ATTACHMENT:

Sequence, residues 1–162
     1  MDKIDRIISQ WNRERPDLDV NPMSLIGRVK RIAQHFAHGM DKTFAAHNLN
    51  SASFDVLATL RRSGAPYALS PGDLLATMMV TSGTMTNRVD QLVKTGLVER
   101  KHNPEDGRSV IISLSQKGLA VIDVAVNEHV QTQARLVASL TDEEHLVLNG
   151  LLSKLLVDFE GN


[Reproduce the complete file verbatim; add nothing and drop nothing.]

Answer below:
Sequence, residues 1–162
     1  MDKIDRIISQ WNRERPDLDV NPMSLIGRVK RIAQHFAHGM DKTFAAHNLN
    51  SASFDVLATL RRSGAPYALS PGDLLATMMV TSGTMTNRVD QLVKTGLVER
   101  KHNPEDGRSV IISLSQKGLA VIDVAVNEHV QTQARLVASL TDEEHLVLNG
   151  LLSKLLVDFE GN